Containers allow applications to be abstracted from the underlying infrastructure on which they run. They give developers a way to package applications into smaller chunks that can run on different servers, thereby making them easier to deploy, maintain, and update.
But securing containerized applications requires a somewhat different approach compared with securing traditional application environments. That's because they are a bit harder to scan for security vulnerabilities, the images on which they are built are often unverified, and standardization in the space is still evolving. Importantly, containers also can be spun up and down quickly, making them somewhat ephemeral in nature from a security standpoint.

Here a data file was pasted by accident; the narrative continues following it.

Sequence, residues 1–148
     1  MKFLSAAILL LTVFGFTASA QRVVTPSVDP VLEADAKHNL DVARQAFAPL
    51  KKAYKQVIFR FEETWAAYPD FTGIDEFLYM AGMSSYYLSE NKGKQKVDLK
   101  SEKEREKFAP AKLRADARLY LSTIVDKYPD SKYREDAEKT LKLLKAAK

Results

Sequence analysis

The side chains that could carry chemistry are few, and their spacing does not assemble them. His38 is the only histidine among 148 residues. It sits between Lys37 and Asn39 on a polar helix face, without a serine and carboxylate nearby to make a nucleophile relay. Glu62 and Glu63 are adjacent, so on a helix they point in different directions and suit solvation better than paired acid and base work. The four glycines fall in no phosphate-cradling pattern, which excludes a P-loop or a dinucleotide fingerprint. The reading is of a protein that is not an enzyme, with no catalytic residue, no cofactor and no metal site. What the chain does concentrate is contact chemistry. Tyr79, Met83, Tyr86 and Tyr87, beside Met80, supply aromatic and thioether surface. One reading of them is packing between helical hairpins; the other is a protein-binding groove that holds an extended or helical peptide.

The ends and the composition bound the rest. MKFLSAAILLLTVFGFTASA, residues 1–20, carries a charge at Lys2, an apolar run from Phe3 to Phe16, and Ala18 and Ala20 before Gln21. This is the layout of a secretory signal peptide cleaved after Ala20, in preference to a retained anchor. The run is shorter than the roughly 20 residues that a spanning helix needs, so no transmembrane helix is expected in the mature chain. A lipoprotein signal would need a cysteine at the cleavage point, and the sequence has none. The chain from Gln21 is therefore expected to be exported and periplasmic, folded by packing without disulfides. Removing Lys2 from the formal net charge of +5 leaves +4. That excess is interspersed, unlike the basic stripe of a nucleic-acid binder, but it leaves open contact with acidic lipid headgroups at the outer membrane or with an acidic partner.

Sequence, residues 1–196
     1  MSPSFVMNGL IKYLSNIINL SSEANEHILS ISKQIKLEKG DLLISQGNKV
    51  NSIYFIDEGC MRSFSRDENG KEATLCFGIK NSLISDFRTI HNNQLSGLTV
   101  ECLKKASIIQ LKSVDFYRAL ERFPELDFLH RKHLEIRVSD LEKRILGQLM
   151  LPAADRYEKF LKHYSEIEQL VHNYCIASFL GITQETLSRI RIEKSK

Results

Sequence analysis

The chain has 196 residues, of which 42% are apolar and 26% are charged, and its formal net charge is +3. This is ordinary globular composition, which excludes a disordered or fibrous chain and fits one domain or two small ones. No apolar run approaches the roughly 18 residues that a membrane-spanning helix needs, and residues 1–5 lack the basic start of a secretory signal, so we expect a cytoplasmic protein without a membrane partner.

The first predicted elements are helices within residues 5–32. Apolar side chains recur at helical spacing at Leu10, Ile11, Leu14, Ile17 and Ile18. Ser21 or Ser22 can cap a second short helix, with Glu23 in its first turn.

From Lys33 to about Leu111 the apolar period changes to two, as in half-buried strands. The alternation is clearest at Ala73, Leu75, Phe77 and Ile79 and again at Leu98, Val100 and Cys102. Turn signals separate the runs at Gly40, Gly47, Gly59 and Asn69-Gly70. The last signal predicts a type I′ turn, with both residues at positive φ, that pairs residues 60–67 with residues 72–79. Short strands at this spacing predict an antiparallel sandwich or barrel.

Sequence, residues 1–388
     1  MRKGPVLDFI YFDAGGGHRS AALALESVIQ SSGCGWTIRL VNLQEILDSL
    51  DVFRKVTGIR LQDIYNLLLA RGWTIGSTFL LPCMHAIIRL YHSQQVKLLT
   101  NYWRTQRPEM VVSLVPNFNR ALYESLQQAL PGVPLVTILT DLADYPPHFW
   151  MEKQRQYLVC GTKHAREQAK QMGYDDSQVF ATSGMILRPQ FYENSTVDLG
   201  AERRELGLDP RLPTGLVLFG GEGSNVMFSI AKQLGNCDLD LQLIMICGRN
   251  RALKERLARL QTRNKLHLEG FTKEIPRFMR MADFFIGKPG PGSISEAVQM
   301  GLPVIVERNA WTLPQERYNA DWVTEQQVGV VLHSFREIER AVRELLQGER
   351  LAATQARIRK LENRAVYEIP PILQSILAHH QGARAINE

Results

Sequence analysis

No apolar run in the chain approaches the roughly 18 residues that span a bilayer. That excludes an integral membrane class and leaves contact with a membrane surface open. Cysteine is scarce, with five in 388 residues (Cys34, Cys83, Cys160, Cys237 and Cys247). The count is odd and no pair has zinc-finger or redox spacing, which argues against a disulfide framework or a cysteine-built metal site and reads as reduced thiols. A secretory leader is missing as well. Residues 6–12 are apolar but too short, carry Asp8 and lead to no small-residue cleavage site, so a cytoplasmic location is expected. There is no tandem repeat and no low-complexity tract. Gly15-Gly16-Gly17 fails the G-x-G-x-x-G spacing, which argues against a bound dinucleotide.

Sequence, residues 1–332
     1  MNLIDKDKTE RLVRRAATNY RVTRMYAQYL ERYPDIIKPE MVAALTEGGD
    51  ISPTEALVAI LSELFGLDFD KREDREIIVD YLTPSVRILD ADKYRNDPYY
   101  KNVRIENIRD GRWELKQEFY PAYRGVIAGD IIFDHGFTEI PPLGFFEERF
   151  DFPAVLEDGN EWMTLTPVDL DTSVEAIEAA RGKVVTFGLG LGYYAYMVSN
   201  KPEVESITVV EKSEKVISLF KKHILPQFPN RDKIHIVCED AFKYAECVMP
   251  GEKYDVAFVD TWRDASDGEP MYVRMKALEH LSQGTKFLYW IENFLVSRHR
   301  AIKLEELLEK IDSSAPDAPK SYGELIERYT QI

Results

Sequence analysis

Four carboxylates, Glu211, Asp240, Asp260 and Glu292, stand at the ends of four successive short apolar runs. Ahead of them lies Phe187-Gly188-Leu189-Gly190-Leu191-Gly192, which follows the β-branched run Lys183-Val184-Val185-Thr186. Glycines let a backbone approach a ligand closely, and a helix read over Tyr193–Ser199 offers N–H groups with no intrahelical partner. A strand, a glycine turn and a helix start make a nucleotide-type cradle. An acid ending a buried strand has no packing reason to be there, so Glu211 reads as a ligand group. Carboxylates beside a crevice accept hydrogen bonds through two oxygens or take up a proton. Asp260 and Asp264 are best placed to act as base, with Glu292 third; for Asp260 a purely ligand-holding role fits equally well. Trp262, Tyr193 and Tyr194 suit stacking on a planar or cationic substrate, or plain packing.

"Even though container technology may be a new concept to companies deploying them, the idea behind them should be familiar," says Kirsten Newcomer, senior principal product manager, security at Red Hat.
Organizations need to think about security through the application stack both before deploying a container and throughout its life cycle. "While containers inherit many of the security features of Linux, there are some specific issues that need to be considered when it comes to the model," Newcomer says.
Following are eight items that need to be on any organization's security checklist when deploying containers.